Data integrity breaches continue to challenge the pharmaceutical industry, but regulatory agencies and industry are partnering together to raise awareness and solve these issues.
Over the past two years, pharmaceutical manufacturers operating in India have received over twelve U.S. FDA warning letters alleging, in part, deficiencies related to data integrity. As a result of the continued struggles with data integrity in this market, the FDA partnered with the Drug Information Association to host a Multicentre International Data Integrity Workshop, a series of conferences aimed at increasing the knowledge of manufacturers to identify and resolve these issues.
In an effort to demonstrate a unified approach and to assist in promoting an open dialogue, the hosts worked with PDA, the Indian Drug Manufacturers’ Association, the Organisation of Pharmaceutical Producers of India, and industry to present the two-day workshop at three cities across India during the first two weeks of November 2014. The target cities were Mumbai, Hyderabad, and Bangalore based upon their geographic locations and due to the number of manufacturers in those areas. The response was overwhelming as small and large companies signed up to attend.
The first session began with opening remarks by Peter Baker, Assistant Country Director, FDA India Office, to introduce the workshop and set the stage for the remaining discussions. Baker informed the audience of the top areas of concern for data integrity, which include quality control inspection and testing, batch records, equipment qualification and use, and training. He discussed the importance of documentation, but stressed that the data is much more important and added that industry should focus on their daily practices.
Carmelo Rosa, Division Director of Office of Compliance, Office of Manufacturing and Product Quality, CDER, FDA, provided a solid background on data integrity and made the case for change by highlighting the number of data integrity warning letters issued by FDA and stressing the importance of global corrective actions. He emphasized that this issue is not only found in India, but is an industry-wide issue. Rosa informed the group of FDA’s emphasis on responses to issues identified in an inspection and their expectation of implementing systemic corrective and preventive actions.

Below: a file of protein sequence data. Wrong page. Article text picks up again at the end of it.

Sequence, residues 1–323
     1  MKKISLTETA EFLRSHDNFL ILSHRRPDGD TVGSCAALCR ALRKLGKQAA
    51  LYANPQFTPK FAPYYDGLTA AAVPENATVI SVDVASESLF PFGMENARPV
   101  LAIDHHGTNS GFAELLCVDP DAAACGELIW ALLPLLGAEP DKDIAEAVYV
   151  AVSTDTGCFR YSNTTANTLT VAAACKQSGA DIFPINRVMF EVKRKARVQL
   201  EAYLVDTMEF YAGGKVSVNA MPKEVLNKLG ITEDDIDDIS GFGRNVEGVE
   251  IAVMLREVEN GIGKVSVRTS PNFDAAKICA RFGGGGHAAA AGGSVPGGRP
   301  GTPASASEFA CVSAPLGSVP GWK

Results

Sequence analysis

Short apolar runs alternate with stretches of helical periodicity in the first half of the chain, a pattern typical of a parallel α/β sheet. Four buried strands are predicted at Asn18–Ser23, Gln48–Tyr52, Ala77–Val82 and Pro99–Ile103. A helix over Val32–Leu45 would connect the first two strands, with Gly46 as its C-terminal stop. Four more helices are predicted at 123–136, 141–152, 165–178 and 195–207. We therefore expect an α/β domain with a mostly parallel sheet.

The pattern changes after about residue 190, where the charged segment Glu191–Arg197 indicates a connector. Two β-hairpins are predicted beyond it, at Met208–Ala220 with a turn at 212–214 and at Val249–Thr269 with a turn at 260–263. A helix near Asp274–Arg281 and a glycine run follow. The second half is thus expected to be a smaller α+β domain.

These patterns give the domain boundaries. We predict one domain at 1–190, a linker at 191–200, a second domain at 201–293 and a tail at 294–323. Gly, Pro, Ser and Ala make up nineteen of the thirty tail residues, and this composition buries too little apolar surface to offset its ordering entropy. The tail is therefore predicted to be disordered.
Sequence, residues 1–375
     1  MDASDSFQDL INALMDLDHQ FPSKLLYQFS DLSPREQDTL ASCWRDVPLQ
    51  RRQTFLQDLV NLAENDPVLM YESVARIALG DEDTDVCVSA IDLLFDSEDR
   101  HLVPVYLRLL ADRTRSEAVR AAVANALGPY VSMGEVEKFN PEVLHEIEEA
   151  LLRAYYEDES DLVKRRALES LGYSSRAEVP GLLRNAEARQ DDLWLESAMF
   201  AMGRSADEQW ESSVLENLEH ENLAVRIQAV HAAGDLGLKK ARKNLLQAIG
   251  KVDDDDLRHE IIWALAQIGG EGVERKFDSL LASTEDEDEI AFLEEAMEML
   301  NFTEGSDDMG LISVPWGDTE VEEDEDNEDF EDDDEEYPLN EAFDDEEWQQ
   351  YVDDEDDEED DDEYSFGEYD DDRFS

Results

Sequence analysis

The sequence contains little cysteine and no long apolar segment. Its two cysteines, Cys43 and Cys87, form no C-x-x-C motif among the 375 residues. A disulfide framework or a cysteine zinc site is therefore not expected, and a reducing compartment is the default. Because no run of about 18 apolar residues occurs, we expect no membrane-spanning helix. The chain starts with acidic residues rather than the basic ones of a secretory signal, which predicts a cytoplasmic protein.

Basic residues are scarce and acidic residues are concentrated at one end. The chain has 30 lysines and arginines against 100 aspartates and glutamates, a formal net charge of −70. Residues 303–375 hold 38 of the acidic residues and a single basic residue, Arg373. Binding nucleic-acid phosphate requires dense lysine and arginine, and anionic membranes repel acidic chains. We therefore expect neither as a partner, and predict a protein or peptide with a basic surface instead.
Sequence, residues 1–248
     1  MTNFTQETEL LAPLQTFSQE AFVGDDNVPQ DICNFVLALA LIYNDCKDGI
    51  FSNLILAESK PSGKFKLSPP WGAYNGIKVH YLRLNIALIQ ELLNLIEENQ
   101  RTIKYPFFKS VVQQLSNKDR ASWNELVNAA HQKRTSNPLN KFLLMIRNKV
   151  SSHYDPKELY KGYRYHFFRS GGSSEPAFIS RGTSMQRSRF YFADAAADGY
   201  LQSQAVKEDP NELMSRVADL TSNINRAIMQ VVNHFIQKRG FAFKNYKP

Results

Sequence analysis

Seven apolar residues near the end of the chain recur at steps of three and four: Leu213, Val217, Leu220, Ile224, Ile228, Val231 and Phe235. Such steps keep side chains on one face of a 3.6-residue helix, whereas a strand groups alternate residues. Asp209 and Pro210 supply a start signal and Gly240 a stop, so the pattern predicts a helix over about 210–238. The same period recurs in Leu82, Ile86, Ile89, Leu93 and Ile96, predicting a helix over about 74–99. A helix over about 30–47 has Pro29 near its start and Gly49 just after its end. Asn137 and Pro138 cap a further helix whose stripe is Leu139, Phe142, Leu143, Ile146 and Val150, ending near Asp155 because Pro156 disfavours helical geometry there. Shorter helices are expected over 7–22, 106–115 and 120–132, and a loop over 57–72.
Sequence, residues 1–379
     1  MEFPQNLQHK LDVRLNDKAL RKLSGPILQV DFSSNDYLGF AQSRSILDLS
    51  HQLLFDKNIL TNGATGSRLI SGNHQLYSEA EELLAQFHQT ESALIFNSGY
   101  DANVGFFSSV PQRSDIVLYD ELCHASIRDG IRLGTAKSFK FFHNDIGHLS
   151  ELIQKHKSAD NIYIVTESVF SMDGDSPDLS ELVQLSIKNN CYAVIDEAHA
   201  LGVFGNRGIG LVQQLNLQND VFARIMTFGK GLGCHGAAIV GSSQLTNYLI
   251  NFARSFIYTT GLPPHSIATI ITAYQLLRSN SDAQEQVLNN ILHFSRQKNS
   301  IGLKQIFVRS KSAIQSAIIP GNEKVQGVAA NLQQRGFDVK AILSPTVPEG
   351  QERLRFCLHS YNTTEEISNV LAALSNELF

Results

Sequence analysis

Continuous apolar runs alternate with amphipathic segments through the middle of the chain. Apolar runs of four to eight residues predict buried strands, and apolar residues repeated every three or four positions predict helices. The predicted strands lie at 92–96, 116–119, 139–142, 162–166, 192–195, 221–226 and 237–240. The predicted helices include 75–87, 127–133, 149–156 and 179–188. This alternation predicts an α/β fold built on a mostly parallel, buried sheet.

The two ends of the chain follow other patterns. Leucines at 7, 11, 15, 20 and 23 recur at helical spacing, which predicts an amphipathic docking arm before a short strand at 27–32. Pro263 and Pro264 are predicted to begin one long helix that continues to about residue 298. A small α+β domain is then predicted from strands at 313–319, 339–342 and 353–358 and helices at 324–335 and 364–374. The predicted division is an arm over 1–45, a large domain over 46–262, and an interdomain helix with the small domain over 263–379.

As data integrity is not only an issue for the U.S. market, Thomas Hecker, PhD, GMP Inspector, EDQM provided the group with a European perspective based upon regulations, standards, and guidance documents. Hecker’s presentation highlighted applicable sections of 21 CFR Part 11, EU GMP Annex 11, and ICH Q7 and how the three documents can work together to meet regulatory agency expectations.
While data integrity covers a broad topic in both electronic and paper form, Robert Tollefsen, National Expert Investigator, Drugs and Computers, Office of Regulatory Affairs, FDA, focused on validation, collection, and storage of electronic data in his presentation. He provided attendees with an overview of the requirements for a successful validation. In his second presentation, Tollefsen discussed the importance of management, culture and oversight in not only identifying and correcting data integrity breaches, but in prevention.
Industry presentations by Hospira, Johnson & Johnson, and Novartis provided the audiences an opportunity to hear from their peers. Meera Khullar, Vice President, Quality, Hospira, presented on the development of an operator and analyst training program. Her presentation went beyond data integrity into the elements of a successful and compliant training program.
Anil Sawant, Vice President, Enterprise Regulatory Compliance, Johnson & Johnson, presented on establishing a management culture that goes beyond the identification and correction steps and into the proactive process of prevention.
Novartis representatives Mairead Goetz, Head of Compliance, Group Compliance and Audit, presented in Mumbai, Sudhir Goudar, Regional Head APAC, Group Compliance and Audit, presented in Hyderabad, and C. Gregory Williams, Head of Audit, Group Compliance and Audit, presented in Bangalore, on the topic of internal audits and how companies can establish their programs to identify data integrity issues. The presentations highlighted how to establish an audit program.
Three interactive workshops were conducted covering establishment of an effective training program, establishing an effective audit program, and establishing a data integrity risk analysis process. The workshops required all the attendees to participate in small work groups and then report to the larger group about their findings.
The success of these workshops highlighted a strong collaboration between regulatory agencies and industry. Baker stated that, based upon that success, additional workshops will be planned in the future. Protecting against breaches of data integrity is not only a hot topic with the FDA today, but forms the basis by which industry protects our patients in providing safe and effective medicines across the globe.
About the Author
C. Gregory Williams is active in various industry groups, including PDA, AAMI, and Rx-360, and is currently the Head of Audit in the Group Compliance and Audit department of Novartis.